Neither did he persuade Theresa May to make the journey to Stormont to chivvy along the negotiations, all the more necessary given republican suspicions (correct as it turns out) that her arrangement with the DUP would result in the British Government soft-pedalling when it came to challenging their new allies. Meanwhile, a changing of the guard in Dublin has seen a new Taoiseach, Leo Varadkar, replace Enda Kenny and a new foreign minister, Simon Coveney, brought into the mix at the eleventh hour.

All considered, an avoidable mess.

Undoubtedly, Theresa May has been preoccupied contending with the small matter of political survival and teeing-up for the Brexit negotiations. She will find, however, that if equilibrium in Northern Ireland is not quickly restored it may generate an in-tray of problems all on its own.

Kevin Meagher is associate editor of Uncut and author of ‘A United Ireland: Why unification is inevitable and how it will come about,’ published by Biteback

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8 Responses to “The breakdown in Northern Ireland’s talks is an avoidable mess”

  1. Anne says:

    Knowledgeable article Kevin. It highlights the desperation of TM to remain in power with a bribe to the dup – there is no consideration of how this affects the piece process in Northern Ireland.

  2. Tafia says:

    It’s just Sinn Fein trying to de-stabilise the situation in the hope of finally wiping out the SDLP and becoming the only nationalist voice at all levels.

    Thing to do is cease all pay and allowances for MLAs until they reach a deal. When they are laying of office staff and have no income they’ll soon come to the table.

  3. Hay says:

    Oh it were that simple!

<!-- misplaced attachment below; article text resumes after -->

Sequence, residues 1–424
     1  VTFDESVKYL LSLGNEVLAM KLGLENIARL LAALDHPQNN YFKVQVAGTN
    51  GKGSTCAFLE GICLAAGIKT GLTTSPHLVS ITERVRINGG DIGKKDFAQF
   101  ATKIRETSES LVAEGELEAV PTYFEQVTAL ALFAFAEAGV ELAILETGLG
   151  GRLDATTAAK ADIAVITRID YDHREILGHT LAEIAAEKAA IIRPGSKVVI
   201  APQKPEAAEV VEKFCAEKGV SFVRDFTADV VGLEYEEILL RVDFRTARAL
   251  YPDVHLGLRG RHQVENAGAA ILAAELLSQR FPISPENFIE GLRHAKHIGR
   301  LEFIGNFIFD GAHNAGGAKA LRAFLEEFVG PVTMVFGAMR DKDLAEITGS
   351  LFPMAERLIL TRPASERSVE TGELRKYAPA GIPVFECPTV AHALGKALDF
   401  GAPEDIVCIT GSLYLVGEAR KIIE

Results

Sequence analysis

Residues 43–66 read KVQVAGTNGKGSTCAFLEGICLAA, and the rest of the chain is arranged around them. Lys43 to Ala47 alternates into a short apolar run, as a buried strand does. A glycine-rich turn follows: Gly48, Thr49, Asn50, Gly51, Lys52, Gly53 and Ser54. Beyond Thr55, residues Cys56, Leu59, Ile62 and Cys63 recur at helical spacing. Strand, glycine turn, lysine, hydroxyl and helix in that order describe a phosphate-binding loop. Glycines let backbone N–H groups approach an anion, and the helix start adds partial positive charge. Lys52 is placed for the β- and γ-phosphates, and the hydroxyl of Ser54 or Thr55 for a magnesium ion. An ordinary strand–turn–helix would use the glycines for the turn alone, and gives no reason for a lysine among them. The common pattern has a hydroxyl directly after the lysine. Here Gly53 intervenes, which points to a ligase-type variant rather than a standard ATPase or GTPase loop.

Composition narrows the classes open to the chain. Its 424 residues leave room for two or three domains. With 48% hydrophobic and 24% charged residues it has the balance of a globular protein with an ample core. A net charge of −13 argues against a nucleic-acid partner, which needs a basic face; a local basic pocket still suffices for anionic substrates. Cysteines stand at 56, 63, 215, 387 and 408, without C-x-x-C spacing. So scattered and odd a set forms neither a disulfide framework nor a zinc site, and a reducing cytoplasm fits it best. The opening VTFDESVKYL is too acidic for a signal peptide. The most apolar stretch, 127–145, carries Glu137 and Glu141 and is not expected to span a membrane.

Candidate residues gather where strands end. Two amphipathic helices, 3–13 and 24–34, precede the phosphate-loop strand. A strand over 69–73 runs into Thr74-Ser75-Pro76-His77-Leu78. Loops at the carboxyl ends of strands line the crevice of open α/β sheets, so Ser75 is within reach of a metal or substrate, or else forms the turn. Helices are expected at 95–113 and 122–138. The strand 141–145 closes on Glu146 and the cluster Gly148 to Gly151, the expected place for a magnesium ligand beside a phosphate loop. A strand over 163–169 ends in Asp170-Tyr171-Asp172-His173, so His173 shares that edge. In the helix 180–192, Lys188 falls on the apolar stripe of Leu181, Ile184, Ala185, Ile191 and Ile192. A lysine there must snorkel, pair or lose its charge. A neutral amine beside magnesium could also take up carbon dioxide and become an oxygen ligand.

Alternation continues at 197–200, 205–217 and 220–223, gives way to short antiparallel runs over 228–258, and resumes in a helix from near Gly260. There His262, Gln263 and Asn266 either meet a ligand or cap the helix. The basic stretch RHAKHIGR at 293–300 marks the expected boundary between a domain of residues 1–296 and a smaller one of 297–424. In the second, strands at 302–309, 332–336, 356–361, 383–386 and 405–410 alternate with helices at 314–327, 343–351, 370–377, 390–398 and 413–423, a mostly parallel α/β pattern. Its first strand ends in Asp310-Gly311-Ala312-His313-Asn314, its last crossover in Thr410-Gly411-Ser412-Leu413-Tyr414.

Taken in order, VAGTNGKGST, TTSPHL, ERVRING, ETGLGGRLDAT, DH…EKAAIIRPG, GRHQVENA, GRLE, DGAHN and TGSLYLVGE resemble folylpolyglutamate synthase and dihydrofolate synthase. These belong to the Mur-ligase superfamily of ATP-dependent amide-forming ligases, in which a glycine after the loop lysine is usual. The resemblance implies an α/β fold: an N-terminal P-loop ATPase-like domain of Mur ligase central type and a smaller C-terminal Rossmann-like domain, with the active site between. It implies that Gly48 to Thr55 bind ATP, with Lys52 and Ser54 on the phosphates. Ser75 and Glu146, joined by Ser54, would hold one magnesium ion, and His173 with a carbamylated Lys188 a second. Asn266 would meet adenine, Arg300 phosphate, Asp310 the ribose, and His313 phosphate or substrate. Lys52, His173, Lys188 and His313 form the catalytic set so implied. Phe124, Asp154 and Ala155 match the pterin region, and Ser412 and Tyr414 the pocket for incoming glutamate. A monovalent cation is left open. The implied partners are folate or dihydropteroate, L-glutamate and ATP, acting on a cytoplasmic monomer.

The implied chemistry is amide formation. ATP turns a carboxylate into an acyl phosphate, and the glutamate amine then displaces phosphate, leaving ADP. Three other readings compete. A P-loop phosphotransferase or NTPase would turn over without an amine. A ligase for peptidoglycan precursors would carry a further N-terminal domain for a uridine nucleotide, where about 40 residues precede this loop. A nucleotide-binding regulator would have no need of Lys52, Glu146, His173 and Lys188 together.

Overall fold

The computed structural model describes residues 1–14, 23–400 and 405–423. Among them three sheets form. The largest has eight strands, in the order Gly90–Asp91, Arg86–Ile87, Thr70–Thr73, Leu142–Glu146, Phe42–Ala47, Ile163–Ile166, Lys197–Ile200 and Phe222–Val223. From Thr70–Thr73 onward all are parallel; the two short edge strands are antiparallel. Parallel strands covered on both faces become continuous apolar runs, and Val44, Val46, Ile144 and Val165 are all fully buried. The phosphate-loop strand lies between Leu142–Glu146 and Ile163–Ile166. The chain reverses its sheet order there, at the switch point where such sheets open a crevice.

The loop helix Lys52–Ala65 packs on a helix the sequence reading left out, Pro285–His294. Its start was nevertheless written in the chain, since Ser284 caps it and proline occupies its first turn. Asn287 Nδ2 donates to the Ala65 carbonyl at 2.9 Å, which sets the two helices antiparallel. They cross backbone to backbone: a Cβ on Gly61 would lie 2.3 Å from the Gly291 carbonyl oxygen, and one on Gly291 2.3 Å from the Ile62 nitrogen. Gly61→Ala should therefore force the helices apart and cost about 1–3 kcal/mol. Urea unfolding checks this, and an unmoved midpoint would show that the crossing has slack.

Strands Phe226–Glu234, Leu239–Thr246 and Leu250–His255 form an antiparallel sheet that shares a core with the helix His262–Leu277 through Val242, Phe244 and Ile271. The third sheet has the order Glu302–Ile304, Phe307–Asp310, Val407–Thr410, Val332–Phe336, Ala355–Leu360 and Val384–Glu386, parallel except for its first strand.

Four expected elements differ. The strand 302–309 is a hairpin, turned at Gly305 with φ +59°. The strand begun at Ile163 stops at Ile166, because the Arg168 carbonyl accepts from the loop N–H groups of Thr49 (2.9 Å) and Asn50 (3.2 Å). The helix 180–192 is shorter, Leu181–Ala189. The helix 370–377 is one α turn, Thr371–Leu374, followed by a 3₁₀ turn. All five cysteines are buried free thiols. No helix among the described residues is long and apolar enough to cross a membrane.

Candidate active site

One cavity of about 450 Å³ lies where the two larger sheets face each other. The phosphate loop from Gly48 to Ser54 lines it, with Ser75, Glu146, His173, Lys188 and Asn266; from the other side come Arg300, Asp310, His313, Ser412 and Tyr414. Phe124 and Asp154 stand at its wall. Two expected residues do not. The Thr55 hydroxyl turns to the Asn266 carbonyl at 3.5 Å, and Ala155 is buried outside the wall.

Just take this simple fact about the Irish language, a comparison with Wales, and the implication in an Irish context;

    1. The cost of the Irish language act in NI is indeed relatively small change

    2. In Wales, it is my understanding that to apply for a public sector role the applicant must be able to speak the language

    3. The Sinn Fein aim is not just the language act but also a commitment to move towards the Welsh situation

    4. The implications of the above are profound. It would be seen as yet another step in the path towards a United Ireland, and THAT is the reason for the DUP opposition.

    To make this a simple calculation based on cost is fundamentally wrong. The unionist community (and many nationalists too) will never accept that possibility, and any step that potentially facilitates a future decision towards a united Ireland will be resisted by whatever means necessary.

    I am not a lover of the political systems at either Stormont or Westminster, but please understand the Sinn Fein end game and what tactics they are employing.

  4. Barry Woods says:

    That Arlene is prepared to even talk to IRA/Sinn Fein given her personal experiences when young?
    her school bus was bombed, she was on it!
    Attempted murder of her father.. during her formative teenage years.

  5. John says:

    The NI parties would argue over the height of fenceposts if they had a chance. It’s absolutely pathetic that an entire regional assembly is stalled from forming due to childish issues like this, but if it wasn’t this one side or the other would invent something else to argue the toss about.

    Stick them under direct rule and sod them all with thier childish squabbles.

  6. Tafia says:

    @Anne – It highlights the desperation of TM to remain in power with a bribe to the dup

    And your opinion of Brown’s failed attempts to get them to join a coalition/C&S? And Miiband’s?

    You have a consistent opinion on this yes? Therefore ou thini exactly of the Brown and Miliband’s leadership.

  7. Gordon says:

    Kevin’s analysis is tainted by his own fervent bias towards Irish nationalism. If your starting point is that it’s a good idea to try to steamroller the pro-British majority in Northern Ireland out of the UK then don’t be surprised if your advice is not taken too seriously in Britain.

  8. Gaz says:

    Any thoughts on a Northern Ireland Labour party member on hunger strike to demand Labour allow candidates to stand for election in part of the United Kingdom